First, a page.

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Impressive write-up and details Nick. Thanks for sharing the journey. I'm both jealous of the mods and also inspired to think about installing the ones I have sitting in my garage (OCC, HX, grille).
 
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From my previous post in another thread:

The Q50 gas tank is one of the more oddly shaped gas tanks I've seen. See below:


96256



As you can see, it's essentially two tanks with a bridge that connects the two tanks and allows filling both sides with fuel.

The system is designed to empty the driver's side first but based on the eductor design, the fuel level on both sides is drawn down equally until then. From what I can see, there is little in the way of baffling on the bottom of either tank to minimize fuel sloshing around when the car is under hard acceleration.

So when the fuel level gets down to 1/3 of a tank, each side is roughly at half of that or 1/6 of a tank. I can see how under hard acceleration the fuel level at either the transfer tube suction or the suction on the bottom of the fuel pump assembly could momentarily drop below either suction. If the fuel flow is interrupted long enough to cause the fuel pump to starve, it could cause hesitation during hard acceleration.

I'd say a full tank is unnecessary extra weight if you're planning on WOT pulls, but 1/3 to 1/2 of a tank should be adequate to avoid fuel pump starvation and keep your weight down for better performance.
 

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Discussion Starter · #43 ·
Impressive write-up and details Nick. Thanks for sharing the journey. I'm both jealous of the mods and also inspired to think about installing the ones I have sitting in my garage (OCC, HX, grille).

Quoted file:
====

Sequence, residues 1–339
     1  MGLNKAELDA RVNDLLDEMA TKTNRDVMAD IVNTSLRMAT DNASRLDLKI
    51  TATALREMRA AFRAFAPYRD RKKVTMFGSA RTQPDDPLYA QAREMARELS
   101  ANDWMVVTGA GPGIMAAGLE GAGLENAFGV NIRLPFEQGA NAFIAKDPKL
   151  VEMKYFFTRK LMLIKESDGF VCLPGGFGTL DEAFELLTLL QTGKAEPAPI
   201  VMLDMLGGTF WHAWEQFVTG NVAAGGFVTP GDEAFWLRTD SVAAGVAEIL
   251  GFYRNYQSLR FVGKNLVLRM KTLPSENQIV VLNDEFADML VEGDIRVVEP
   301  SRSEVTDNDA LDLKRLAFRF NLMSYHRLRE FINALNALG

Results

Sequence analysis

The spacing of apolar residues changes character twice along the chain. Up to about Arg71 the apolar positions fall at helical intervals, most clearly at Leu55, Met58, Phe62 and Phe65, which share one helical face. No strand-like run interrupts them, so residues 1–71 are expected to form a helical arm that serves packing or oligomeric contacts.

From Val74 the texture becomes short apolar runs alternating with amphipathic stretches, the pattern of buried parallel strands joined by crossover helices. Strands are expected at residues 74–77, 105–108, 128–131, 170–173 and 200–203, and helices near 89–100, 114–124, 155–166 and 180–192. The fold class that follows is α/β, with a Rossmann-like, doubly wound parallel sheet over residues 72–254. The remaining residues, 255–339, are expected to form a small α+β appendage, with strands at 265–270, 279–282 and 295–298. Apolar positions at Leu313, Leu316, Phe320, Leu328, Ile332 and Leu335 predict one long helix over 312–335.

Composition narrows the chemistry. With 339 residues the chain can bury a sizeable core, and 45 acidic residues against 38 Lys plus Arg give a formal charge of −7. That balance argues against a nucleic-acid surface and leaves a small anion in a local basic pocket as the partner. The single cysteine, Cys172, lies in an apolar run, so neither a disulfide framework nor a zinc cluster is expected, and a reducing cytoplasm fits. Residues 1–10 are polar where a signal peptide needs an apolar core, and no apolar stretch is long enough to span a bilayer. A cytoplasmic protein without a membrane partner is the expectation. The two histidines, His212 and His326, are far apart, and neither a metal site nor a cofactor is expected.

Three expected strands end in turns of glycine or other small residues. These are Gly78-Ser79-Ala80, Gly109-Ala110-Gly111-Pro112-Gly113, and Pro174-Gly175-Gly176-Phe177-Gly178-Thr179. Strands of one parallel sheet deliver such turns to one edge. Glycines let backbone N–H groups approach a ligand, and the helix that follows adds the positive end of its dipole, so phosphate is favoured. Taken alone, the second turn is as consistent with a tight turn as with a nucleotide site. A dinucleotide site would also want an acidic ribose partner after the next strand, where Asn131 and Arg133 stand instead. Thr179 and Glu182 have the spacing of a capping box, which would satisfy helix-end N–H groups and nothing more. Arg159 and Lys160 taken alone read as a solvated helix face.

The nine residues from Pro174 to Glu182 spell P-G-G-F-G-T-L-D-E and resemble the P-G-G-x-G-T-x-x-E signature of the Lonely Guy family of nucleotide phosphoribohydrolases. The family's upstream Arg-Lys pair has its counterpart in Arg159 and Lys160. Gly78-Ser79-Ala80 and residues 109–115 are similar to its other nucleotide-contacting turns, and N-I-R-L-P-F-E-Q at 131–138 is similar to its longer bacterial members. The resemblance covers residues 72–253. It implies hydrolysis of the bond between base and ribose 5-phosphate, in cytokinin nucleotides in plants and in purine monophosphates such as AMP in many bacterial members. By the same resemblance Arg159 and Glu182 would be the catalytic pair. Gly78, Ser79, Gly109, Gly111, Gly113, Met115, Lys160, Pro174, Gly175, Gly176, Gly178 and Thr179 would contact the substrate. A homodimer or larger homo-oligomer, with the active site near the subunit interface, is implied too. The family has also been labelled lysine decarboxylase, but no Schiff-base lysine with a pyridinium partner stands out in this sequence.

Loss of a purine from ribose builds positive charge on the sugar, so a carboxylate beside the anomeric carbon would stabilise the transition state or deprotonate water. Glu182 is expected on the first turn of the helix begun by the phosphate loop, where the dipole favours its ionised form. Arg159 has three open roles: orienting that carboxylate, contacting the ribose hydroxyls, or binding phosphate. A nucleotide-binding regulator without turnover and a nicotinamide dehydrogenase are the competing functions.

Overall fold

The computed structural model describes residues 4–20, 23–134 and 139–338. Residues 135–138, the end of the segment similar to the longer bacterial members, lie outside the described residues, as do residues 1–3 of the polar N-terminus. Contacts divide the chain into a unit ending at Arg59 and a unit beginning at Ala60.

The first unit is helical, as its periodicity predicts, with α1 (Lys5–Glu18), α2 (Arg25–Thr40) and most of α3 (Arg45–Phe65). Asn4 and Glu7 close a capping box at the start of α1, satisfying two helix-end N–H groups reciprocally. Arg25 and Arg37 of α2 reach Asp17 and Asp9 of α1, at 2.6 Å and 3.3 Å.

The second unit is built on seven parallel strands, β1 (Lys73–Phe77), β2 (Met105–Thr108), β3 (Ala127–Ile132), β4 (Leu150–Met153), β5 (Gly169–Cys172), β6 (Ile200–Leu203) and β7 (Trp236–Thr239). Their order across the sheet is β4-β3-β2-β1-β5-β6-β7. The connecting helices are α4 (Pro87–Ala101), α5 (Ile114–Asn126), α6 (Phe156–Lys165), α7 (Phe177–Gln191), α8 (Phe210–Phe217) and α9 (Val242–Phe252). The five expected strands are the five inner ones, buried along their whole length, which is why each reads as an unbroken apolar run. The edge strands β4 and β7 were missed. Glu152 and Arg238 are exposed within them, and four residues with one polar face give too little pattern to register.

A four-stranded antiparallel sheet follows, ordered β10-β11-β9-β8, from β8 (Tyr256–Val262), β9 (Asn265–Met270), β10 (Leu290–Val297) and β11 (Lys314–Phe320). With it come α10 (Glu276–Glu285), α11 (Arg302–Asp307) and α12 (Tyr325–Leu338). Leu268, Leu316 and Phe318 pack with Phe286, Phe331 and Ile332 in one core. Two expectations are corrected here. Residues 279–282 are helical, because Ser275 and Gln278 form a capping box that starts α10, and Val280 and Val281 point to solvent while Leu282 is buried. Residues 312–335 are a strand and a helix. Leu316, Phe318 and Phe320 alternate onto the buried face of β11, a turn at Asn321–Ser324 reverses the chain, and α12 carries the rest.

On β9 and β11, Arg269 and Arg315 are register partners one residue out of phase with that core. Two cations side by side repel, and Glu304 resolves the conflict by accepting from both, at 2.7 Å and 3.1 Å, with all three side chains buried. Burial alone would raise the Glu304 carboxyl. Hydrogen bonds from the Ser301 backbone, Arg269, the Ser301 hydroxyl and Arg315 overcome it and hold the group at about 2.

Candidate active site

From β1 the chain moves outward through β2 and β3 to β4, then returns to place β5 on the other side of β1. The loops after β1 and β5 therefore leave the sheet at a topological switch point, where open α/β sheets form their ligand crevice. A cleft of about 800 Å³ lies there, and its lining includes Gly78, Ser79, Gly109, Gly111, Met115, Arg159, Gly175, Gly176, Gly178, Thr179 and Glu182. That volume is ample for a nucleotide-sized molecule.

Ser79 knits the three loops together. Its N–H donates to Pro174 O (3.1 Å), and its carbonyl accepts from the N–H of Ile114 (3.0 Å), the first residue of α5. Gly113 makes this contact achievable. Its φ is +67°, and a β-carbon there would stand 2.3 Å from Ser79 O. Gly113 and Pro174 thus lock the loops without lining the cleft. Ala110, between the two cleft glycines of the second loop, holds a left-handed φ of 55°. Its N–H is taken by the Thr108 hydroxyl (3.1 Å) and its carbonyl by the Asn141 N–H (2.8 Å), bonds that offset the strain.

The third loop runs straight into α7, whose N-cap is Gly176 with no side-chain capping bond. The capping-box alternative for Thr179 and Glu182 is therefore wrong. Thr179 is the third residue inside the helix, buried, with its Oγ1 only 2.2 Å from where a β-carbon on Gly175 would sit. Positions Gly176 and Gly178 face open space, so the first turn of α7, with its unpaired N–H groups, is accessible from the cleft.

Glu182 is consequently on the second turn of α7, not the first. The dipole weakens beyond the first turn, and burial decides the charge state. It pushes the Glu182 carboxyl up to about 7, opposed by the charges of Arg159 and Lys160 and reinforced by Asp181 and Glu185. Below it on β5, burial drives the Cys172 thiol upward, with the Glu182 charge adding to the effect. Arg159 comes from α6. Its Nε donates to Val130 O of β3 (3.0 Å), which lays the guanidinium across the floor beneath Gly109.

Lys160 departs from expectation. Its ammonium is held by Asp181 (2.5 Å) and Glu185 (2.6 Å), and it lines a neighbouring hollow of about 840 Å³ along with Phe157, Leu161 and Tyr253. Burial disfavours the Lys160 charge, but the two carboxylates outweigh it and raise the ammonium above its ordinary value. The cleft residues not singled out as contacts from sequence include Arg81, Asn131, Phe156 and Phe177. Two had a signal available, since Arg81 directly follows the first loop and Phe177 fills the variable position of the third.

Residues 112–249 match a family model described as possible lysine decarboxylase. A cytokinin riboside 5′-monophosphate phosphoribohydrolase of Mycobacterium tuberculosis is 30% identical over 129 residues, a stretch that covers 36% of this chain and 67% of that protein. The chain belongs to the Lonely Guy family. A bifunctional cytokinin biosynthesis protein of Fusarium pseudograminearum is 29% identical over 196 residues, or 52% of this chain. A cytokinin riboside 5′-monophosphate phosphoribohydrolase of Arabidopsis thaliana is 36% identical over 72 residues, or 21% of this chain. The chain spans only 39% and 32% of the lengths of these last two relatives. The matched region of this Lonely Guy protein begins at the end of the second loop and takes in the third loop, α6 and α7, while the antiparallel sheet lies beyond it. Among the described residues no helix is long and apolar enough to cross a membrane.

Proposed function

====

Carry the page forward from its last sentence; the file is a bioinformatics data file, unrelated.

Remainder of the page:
Just trying to help, that's all. Thank you!
 

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Discussion Starter · #44 ·
From my previous post in another thread:

The Q50 gas tank is one of the more oddly shaped gas tanks I've seen. See below:


96256



As you can see, it's essentially two tanks with a bridge that connects the two tanks and allows filling both sides with fuel.

The system is designed to empty the driver's side first but based on the eductor design, the fuel level on both sides is drawn down equally until then. From what I can see, there is little in the way of baffling on the bottom of either tank to minimize fuel sloshing around when the car is under hard acceleration.

So when the fuel level gets down to 1/3 of a tank, each side is roughly at half of that or 1/6 of a tank. I can see how under hard acceleration the fuel level at either the transfer tube suction or the suction on the bottom of the fuel pump assembly could momentarily drop below either suction. If the fuel flow is interrupted long enough to cause the fuel pump to starve, it could cause hesitation during hard acceleration.

I'd say a full tank is unnecessary extra weight if you're planning on WOT pulls, but 1/3 to 1/2 of a tank should be adequate to avoid fuel pump starvation and keep your weight down for better performance.
Thanks. I've been looking into the design of it as well and I agree. I haven't necessarily been looking for a different fuel tank. I'm wondering if there are any track stars around the forum that deals with this issue frequently, given that we could experience it on public roads.
 

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I personally have not experienced this phenomenon yet. I have driven a few times with the fuel light on, but I'll also admit that I have not yet given my car the 'beans'. That's right, I've never put my foot to the floor in the 10 months I've had it...Call me paranoid for not wanting to break something if I drive the car too hard. Suffice it to say I've done some spirited driving, but I haven't taken it to the full extent yet.